Waylander 2: In The Realm of the Wolf by David Gemmell

By way of introductory remarks, I’d like to state that In The Realm of the Wolf might be the most metal album worth title I’ve read all year, and reviewing David Gemmell’s Waylander sequel is getting seriously held up by my urge to come up with Maiden-esque worship riffs every time I even think of In The Realm of the Wolf.

You think I’m joking but I’m really not, if I can come up with some lyrics I might sing this whole thing really badly and send it to some friends. I’ve got too many of ’em, got to drive ’em off somehow.

Ahem. The book.

I try to save David Gemmell reviews for when I’m low (although today is just a shortage of other inspiration). They take little effort and cheer me up. At heart, they’re all the same – emotionally scarred warriors do insane things because they’re emotionally scarred and somehow take down the monsters. People are complex and mixes of good and bad, but good wins. The stories are told with a laconic, driving matter of factness that ramps up the drama and keeps the pages turning. It is a mix of reality and fantasy I find immensely appealing, and the question is always whether this exact mix is merely very good or absolutely excellent.

This exact offering features the antihero assassin Waylander being jerked out of retirement by the news his daughter was murdered by a powerful man’s son without punishment. Being who he is, he sets out to kill. With him is his other daughter, a former arena fighter he’s hired to teach her swordplay, and a couple of assassins who came after Waylander but have switched sides. The group gets split however, with most of them going to save a Nadir tribe from a genocidal raid that could alter the future, leaving Waylander just how he likes it – alone with someone to hunt.

The result is a somewhat fragmented narrative that could have benefited for more time to breathe. I’ve completely failed to mentioned various PoVs and arcs we see in the book, so it’s even more crowded than I suggest. A lot of plot-propelling deaths don’t affect the characters all that much either, and Gemmell’s work was always at its best when the emotions ran as hot as the action.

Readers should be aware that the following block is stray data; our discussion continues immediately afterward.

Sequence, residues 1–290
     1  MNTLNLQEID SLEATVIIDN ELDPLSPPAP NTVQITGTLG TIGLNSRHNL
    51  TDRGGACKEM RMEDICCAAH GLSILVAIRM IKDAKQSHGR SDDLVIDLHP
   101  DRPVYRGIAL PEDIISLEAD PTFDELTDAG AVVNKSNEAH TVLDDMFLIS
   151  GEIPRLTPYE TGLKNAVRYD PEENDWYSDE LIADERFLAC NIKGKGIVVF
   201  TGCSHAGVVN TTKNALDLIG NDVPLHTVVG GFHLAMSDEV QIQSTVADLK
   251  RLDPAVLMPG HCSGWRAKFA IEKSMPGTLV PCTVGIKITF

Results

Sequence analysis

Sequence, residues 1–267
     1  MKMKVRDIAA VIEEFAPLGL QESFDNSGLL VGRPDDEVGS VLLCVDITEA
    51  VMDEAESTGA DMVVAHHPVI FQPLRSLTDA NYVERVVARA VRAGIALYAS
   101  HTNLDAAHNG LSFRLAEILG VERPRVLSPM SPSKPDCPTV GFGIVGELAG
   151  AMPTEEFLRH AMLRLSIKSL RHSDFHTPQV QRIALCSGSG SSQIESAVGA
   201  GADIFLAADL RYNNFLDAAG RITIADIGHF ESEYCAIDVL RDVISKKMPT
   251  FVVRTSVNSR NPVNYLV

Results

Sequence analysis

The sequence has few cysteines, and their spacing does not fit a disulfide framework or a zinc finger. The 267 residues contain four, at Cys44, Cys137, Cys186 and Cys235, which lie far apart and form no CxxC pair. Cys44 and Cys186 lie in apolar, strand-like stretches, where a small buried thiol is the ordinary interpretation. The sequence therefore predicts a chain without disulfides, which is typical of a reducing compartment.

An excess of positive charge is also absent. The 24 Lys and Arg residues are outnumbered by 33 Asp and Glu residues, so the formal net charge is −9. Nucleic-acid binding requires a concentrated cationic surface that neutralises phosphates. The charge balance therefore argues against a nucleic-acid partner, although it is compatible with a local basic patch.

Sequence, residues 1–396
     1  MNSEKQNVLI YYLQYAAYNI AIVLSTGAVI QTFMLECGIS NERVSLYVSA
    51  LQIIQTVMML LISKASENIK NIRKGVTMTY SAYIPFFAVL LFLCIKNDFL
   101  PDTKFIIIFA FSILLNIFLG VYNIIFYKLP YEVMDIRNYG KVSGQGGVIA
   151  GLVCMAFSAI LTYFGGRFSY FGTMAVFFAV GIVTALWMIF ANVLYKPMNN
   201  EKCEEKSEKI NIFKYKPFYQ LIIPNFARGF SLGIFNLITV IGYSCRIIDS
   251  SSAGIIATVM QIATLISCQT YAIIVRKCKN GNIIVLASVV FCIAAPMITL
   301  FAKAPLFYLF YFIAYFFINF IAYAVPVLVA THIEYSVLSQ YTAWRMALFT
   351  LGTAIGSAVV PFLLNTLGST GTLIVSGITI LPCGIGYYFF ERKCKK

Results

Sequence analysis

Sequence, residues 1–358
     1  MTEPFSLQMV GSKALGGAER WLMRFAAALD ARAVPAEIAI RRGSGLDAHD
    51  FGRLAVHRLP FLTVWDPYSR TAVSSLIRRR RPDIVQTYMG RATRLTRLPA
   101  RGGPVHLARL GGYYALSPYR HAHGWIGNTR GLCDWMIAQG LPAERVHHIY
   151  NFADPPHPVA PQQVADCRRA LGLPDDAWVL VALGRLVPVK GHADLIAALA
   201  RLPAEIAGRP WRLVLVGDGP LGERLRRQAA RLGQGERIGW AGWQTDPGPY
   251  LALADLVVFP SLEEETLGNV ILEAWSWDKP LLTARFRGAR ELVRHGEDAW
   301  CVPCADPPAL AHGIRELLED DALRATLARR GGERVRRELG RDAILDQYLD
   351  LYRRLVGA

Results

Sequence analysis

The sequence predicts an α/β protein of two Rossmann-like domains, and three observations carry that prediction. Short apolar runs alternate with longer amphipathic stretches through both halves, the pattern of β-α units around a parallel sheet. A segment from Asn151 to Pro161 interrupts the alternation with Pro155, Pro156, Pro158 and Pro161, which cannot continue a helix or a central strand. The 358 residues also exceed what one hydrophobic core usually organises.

There are plus points to In The Realm of the Wolf beyond it being a banging heavy metal album waiting to happen. The arena fighter Angel’s journey to becoming less racist is well done, as is the priest Ekodas’ struggle with faith. Gemmell doesn’t delve deep into either strand, but they’re there. Waylander’s other daughter, Miriel, gets a prominent role and when she is not being her father’s daughter, she is going through the struggles of awakening sexuality. I don’t know if it’s got right, but it’s given consideration and validity and adds humanity. The characters are all very enjoyable to read about now I mention it; very human.

Still, I can’t shake the feeling this is more in the merely very good part of the spectrum. That this is more enjoyable romp than utterly absorbing tale of humanity packaged in an enjoyable romp. But I enjoyed it, and I hope you will too.

3 thoughts on “Waylander 2: In The Realm of the Wolf by David Gemmell

  1. Great review, I’m a huge Waylander fan! Drenai is is one of my favorite series ever. I read the books before I was writing fiction, and reading through your review makes me want to go back and re-read the series with a closer eye to look for some of the things you pointed out. And you’re so right, so metal! Excited to go back and read the previous posts you have on Gemmell.

    Liked by 1 person

      1. Oh man, don’t do this to me and make me choose! Waylander, is my tops. It hits all the right buttons for me. BUT many close in 2nd place – The Legend of Deathwalker, The Kind Beyond the Gate, First Chronicles are big ones for me too. The Troy books are in a world unto themselves but I love them too. I think a re-read is in order for me, maybe early next year.

        Liked by 1 person

Leave a Reply

Fill in your details below or click an icon to log in:

WordPress.com Logo

You are commenting using your WordPress.com account. Log Out /  Change )

Twitter picture

You are commenting using your Twitter account. Log Out /  Change )

Facebook photo

You are commenting using your Facebook account. Log Out /  Change )

Connecting to %s